What Is a Class E Felony?
The federal government and the states classify crimes as felonies or misdemeanors. Class E felonies can result in a person having to pay a fine of up to three thousand dollars or at least a year in prison if found guilty by a court of law. Most states take it a step further and classify felonies, which are more serious crimes compared to misdemeanors, into levels or classes.
Class A or level one is regarded as the most serious felonies and states that follow this classification system usually allocate a sentence range, sometimes sentence, to specific crime levels or classes. This means that if a crime is classified as a Class E felony, for instance, you would need to read a statute specifically dedicated to the penalties of Class E felonies to learn the sentencing range and sentence for that particular felony.
The following states have adopted the use of the class system and have included Class E felonies: Wisconsin, Tennessee, South Carolina, North Carolina, New York, Nevada, Michigan, and Delaware. States that use the level system including level five felonies are Virginia, South Dakota, Ohio, Indiana, Colorado, and Arizona.
What You Should Know About Class E Felony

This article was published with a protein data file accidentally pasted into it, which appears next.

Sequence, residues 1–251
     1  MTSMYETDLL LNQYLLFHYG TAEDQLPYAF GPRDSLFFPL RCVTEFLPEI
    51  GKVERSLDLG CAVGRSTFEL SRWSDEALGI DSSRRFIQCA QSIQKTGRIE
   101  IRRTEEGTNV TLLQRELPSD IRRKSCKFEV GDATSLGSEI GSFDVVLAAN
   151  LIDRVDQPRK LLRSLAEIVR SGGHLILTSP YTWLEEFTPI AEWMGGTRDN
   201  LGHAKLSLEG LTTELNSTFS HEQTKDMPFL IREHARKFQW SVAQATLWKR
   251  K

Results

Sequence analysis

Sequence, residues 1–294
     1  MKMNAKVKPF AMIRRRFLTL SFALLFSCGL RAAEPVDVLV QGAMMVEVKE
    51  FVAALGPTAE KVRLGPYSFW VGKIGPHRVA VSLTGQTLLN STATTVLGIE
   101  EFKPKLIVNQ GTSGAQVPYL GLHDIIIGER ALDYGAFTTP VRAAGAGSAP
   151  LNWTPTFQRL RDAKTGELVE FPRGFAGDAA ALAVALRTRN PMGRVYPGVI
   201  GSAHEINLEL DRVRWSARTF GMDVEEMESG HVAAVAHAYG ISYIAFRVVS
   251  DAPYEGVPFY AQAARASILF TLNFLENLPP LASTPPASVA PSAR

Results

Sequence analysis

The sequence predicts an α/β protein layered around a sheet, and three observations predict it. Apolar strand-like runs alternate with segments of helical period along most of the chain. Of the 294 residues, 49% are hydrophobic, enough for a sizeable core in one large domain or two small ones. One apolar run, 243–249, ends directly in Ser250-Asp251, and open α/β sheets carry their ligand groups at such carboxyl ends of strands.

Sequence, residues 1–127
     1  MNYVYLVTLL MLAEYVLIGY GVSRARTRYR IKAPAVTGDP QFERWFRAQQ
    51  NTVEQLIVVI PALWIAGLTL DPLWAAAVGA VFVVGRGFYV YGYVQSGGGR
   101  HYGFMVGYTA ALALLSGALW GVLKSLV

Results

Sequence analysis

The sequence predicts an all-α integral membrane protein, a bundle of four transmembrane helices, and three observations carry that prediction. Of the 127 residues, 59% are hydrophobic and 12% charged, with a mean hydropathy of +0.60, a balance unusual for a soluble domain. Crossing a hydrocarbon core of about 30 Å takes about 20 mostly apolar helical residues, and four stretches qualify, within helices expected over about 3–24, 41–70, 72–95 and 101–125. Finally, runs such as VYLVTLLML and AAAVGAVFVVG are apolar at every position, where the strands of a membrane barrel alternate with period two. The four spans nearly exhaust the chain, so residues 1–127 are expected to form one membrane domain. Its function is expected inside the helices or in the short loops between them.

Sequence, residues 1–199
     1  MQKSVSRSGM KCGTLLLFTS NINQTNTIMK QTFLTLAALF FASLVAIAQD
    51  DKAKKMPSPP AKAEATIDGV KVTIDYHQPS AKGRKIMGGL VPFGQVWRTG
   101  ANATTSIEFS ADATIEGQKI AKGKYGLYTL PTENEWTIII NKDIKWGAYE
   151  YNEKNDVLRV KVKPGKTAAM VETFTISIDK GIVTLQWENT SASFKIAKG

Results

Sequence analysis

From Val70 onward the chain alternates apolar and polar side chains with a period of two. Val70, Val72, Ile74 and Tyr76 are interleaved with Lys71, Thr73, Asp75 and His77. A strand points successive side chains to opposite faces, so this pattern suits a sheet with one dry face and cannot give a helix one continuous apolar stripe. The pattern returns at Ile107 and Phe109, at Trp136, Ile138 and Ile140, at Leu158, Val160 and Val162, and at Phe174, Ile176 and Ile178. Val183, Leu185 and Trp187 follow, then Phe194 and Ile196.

Class E felonies are generally considered to be less serious compared to other felony classes such as A and B. They are, however, serious felonies that can hugely impact a person’s life. If you find yourself charged with a Class E felony or felonies, you should seek the services of a criminal defense attorney promptly. A qualified criminal defense attorney will assist you in understanding the laws of your particular state and help you to build a defense against the charges you are facing.
Depending on the state that you reside in, punishment for Class E felonies can range from life imprisonment to probation if you are found guilty by a court of law. Your sentence length will depend on the specific facts presented in your case by a criminal defense attorney, but it may be significantly longer than that of a misdemeanor sentence. Additionally, you may be required to pay restitution and fines to the victims of the crime you committed. It will also cause you to lose the right to vote and possess firearms. Having a felony record could also make it difficult for you to find housing or employment.
In some states, legislators are allowed to assign a sentence range or sentence to each particular crime. Since every state has its own penal code as well as its own views of how much punishment a particular felony deserves, a Class E or level five offense in one state may be considered a Class D or level four offense in other states.
If you require legal representation for a Class E felony, contact us today. We will ensure we provide you with the best and most qualified criminal defense attorney to represent you in your court case.